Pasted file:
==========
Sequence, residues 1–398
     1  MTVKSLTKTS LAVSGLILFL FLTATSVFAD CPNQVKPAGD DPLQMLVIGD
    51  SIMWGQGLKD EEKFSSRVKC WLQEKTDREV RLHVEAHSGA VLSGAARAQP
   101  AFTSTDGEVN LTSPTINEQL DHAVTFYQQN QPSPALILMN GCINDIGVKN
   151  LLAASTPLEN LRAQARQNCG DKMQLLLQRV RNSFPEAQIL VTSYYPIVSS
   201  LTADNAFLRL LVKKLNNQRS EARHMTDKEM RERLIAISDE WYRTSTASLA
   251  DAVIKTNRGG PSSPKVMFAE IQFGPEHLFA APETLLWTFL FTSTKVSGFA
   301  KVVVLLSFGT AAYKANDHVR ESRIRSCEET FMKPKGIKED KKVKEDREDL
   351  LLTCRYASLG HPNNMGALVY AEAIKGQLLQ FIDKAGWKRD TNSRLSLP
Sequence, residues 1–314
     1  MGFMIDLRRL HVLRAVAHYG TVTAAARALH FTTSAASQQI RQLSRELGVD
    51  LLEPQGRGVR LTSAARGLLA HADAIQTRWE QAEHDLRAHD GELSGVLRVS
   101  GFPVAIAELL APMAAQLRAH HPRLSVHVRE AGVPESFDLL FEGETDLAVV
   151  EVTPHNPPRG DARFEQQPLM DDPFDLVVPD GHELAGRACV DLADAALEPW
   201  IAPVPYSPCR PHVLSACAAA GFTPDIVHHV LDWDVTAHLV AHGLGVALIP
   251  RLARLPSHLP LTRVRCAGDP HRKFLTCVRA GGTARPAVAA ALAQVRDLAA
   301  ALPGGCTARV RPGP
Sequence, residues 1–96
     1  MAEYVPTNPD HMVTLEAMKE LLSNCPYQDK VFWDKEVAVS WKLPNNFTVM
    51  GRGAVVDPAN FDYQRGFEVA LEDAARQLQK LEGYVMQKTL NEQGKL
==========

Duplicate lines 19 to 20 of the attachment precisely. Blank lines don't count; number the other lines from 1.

     1  MAEYVPTNPD HMVTLEAMKE LLSNCPYQDK VFWDKEVAVS WKLPNNFTVM
    51  GRGAVVDPAN FDYQRGFEVA LEDAARQLQK LEGYVMQKTL NEQGKL